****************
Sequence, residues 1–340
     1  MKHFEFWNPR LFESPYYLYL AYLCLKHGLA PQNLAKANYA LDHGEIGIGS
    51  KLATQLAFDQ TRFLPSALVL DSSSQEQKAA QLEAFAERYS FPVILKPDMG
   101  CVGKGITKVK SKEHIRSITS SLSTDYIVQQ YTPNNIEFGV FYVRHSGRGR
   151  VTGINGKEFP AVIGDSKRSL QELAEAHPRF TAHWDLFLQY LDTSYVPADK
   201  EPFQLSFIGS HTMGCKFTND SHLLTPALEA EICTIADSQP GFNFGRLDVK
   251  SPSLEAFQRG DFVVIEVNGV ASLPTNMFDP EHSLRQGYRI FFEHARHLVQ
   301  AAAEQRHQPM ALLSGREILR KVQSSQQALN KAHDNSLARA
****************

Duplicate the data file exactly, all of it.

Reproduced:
Sequence, residues 1–340
     1  MKHFEFWNPR LFESPYYLYL AYLCLKHGLA PQNLAKANYA LDHGEIGIGS
    51  KLATQLAFDQ TRFLPSALVL DSSSQEQKAA QLEAFAERYS FPVILKPDMG
   101  CVGKGITKVK SKEHIRSITS SLSTDYIVQQ YTPNNIEFGV FYVRHSGRGR
   151  VTGINGKEFP AVIGDSKRSL QELAEAHPRF TAHWDLFLQY LDTSYVPADK
   201  EPFQLSFIGS HTMGCKFTND SHLLTPALEA EICTIADSQP GFNFGRLDVK
   251  SPSLEAFQRG DFVVIEVNGV ASLPTNMFDP EHSLRQGYRI FFEHARHLVQ
   301  AAAEQRHQPM ALLSGREILR KVQSSQQALN KAHDNSLARA